Christopher Mir "Nest" 2006
The vastly talented Christopher Mir gave his spectacular painting a pause to help quench my curiosity:
Phantasmaphile: I noticed that you double majored in anthropology and painting as an undergrad. As an anthropology major myself (with a minor in art history), I'm curious as to how this background may have informed your work. Can you talk about that a bit?
Christopher Mir: I think that my paintings are part of an anthropological/psychological inquiry into cultural forces, my personal history, and the impulsive qualities inherent in the creative process (including being inspired or moved). There's an implied level of detachment with an anthropological approach that I really respond to. I see it as having a quality of witnessing.
Ph: You have such an unusual style - it reminds me almost of collage in that you seem to play around with varying scale and color palettes within one work. How did you come to develop such a unique technique?
CM: The work really does emerge directly from a kind of collage or accumulative image making. I collect hundreds of photos from random sources - magazines, old books, coffee table books on national parks, calendars, the internet - anywhere really - and I put disparate images together in such a way that creates what I see as a powerful abstraction and a metaphysical drama. Often the entire composition is worked out in Photoshop. I find that I feel freer when I'm painting when there's a very tight parameter – a fully realized design. It's an age old paradox that has real significance for me.
Ph: Where do your ideas come from?
CM: Beginner's mind.
Ph: I noticed that a few of the titles of your works come from album titles: for example, Built to Spill's "Keep it Like a Secret" and Cat Power's "You Are Free." Does music have a large influence on your painting?
CM: Huge. I write and record music (if you want to hear go to: hangonstchristopher.com), and I am a very influenced musically and in terms of painting by the bands you mentioned. I think linking songs and paintings through titles adds a layer of meaning that can lead the viewer into a state of dynamic disequilibrium.
Ph: I'd love to hear about your process. Can you walk me through the creation of a painting, from idea to completion?
CM: I touched on the first aspect of my process earlier - an obsessive gathering of images. But when it comes to individual paintings I almost always start with the landscape. I want to find a place that acts like a stage set - and when I begin to "see" figures, animals, machines, buildings in these spaces I know that it's worth investigating. At that point I will pour through the piles of images I have to find the right players. These choices can be the result of narrative strategies, but more often are included based on abstract or formal elements that will interact with each other in a compelling way. When it comes to actually making the painting I try to adhere to the principle of Sei Do (living movement) - a law of Japanese painting - that encourages the artist to embody whatever element is at hand. So for example if you are painting a tree - try to manifest the strength, flexibility or grandeur of a tree.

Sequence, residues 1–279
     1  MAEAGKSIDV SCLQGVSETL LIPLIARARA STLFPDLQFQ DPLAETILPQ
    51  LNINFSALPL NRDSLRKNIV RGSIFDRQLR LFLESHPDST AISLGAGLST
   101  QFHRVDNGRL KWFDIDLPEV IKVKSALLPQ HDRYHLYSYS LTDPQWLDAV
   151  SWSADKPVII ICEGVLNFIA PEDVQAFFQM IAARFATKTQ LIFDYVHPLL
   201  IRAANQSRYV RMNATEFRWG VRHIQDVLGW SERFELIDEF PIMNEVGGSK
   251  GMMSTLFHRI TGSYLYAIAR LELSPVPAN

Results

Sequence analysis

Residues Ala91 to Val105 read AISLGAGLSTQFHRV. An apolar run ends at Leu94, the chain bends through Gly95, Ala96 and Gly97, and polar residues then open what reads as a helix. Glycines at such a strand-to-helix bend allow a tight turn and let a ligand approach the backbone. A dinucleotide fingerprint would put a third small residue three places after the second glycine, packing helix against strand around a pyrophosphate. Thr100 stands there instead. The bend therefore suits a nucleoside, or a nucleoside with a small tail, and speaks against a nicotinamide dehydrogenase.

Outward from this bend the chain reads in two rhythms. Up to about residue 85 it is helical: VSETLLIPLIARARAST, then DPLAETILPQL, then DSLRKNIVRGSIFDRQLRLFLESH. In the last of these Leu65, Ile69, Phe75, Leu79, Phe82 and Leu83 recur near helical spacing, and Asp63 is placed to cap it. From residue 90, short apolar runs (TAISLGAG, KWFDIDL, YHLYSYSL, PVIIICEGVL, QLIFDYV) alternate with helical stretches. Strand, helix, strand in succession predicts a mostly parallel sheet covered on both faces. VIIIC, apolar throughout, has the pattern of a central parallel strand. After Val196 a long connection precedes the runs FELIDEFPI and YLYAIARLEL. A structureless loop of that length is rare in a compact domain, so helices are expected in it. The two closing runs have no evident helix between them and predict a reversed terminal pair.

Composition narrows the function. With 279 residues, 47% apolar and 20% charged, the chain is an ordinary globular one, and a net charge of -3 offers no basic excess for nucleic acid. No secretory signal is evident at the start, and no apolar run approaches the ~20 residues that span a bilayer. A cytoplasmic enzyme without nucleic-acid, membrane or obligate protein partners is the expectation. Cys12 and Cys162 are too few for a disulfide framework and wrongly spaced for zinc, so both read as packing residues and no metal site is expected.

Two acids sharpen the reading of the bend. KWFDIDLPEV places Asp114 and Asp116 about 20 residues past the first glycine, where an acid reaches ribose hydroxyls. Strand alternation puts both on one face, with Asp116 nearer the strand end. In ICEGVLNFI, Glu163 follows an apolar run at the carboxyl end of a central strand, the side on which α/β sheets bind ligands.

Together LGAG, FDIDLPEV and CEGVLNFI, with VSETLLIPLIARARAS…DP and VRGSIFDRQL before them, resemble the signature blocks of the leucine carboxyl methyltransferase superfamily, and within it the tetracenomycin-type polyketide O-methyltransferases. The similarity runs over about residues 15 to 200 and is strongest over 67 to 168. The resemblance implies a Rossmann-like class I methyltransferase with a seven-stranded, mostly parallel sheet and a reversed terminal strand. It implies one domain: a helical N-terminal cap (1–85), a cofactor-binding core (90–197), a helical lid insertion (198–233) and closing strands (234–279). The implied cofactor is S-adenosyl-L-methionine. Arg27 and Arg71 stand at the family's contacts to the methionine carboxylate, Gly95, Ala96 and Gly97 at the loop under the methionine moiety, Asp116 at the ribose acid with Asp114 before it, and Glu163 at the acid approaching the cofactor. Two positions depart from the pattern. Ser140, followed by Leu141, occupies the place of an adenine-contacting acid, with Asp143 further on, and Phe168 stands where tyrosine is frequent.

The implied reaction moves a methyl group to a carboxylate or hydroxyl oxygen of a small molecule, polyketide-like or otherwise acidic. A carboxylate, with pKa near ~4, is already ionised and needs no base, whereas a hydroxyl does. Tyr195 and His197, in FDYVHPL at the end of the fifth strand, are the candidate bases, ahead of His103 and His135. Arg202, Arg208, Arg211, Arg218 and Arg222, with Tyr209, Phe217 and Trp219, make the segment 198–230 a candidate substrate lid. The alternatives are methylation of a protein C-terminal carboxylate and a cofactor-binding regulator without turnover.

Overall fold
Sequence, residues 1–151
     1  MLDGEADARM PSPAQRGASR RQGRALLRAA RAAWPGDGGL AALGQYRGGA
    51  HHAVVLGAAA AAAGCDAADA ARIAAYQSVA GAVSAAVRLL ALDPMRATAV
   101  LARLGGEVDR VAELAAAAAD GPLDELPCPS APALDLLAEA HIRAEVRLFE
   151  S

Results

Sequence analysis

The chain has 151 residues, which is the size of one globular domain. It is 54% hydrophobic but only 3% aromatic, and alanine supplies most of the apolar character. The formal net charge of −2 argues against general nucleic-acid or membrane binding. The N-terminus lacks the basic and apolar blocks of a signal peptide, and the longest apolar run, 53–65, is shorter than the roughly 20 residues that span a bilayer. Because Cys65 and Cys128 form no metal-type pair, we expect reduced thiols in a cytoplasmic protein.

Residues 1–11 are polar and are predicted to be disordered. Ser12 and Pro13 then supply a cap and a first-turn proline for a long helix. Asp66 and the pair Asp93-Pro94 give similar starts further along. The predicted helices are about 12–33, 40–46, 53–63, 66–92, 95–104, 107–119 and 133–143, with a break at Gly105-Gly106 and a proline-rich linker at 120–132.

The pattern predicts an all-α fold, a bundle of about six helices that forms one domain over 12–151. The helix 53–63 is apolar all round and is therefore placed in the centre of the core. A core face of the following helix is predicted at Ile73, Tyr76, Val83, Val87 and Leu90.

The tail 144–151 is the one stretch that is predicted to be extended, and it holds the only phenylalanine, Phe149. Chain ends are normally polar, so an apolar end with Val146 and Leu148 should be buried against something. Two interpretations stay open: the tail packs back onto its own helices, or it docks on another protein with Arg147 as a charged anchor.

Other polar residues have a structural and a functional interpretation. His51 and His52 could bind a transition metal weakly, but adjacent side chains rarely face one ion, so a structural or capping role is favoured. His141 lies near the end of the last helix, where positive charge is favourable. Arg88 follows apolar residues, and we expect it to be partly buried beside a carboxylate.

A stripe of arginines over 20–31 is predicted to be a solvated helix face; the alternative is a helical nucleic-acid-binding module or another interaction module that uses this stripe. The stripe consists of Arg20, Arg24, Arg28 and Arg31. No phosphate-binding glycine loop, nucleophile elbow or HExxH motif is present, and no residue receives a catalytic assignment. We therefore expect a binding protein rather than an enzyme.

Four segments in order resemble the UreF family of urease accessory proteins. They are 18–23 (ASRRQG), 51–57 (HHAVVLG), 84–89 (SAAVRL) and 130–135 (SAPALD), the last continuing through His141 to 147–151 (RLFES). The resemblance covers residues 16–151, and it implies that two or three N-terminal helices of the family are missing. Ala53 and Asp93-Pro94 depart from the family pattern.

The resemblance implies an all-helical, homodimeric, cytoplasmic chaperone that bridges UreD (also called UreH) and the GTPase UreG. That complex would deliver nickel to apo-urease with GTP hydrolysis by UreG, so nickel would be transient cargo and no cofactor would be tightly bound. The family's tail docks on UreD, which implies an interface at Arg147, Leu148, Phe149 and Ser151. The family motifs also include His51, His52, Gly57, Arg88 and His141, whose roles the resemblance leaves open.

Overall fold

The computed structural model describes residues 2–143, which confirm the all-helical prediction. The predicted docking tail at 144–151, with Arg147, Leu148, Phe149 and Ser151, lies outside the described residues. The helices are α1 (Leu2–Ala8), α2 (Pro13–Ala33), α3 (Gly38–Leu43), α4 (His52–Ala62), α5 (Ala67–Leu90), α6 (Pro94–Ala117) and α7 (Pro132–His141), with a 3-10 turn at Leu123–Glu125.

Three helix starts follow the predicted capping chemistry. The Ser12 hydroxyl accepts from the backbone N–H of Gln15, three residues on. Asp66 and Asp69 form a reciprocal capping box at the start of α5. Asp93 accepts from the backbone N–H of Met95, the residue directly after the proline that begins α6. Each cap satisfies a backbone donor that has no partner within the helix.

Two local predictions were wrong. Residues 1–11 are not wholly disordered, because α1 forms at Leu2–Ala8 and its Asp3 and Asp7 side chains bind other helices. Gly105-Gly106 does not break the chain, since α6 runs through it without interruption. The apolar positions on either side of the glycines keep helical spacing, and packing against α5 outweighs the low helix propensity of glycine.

Ph: I am intrigued by the idea of "Sei Do" - I have never heard of this before. How did you come to learn about this? It sounds fascinating.
CM: I came across the book On the Laws of Japanese Painting by H.P. Bowie in a used book store years ago. He was a British national who spent years in Japan studying and documenting Japanese art making. His goal in the book was to bring this wisdom to the West, which he surely did. It's a treasure.
Ph: How long does it generally take to complete each piece?
CM: A large painting around 5x8 will take around two or three months depending on the complexity of the forms. Smaller works are usually two or three weeks. There's a lot of variation. When I'm using acrylic it's a little faster, because I don't have to contend with drying time, etc.
Ph: You paint such gorgeous landscapes. They are so intricate, yet there is also a flatness to them which reminds me of diorama, or the background to a Museum of Natural History display. Is this intended?
CM: It is absolutely intended. I see the work as something like natural history dioramas of dreams I've never had.
Ph: What inspires you?
CM: My wife Karen Dow - the greatest living painter (honestly), my children: Evan (4) and Ruby (1 1/2), nature, art, music, poetry, friends, mythology, mysticism, religion (especially Buddhism, but also Native American and Jewish/Christian ideologies), powerful images, walking, breathing, being in my body, the vacuum genesis theory, Revelations, Ovid's Metamorphosis, and the Sutra on the Full Awareness of Breathing.
Ph: How did you come to work with the Rare Gallery?
CM: The great mad genius (curator) David Hunt worked me into a group show at Rare called “Labor Day” that served as a kind of introduction to the gallery. Also I believe my guardian angel Simon Watson did some kind of magical incantations.
Ph: What is your favorite a) taste b) sound c) sight d) scent e) tactile sensation?
CM: a) ripe mango b) wind in trees c) sunlight on water d) baby skin e) love
Ph: Which current artists' work do you particularly like?
CM: I love Karen Dow, Neo Rauch, Sigmar Polke is a god among men, Terry Winters, Louise Bourgeois, Laura Owens, Peter Doig, Bill Jensen, and John Moore.
Ph: Which work of yours would you like me to share with Phantasmaphile
CM: “Nest” [see above]
Ph: Do you have any upcoming news or shows you'd like to mention?
CM: My next solo show at Rare opens in November.
Ph: Are you superstitious?
CM: I knock on wood quite a bit.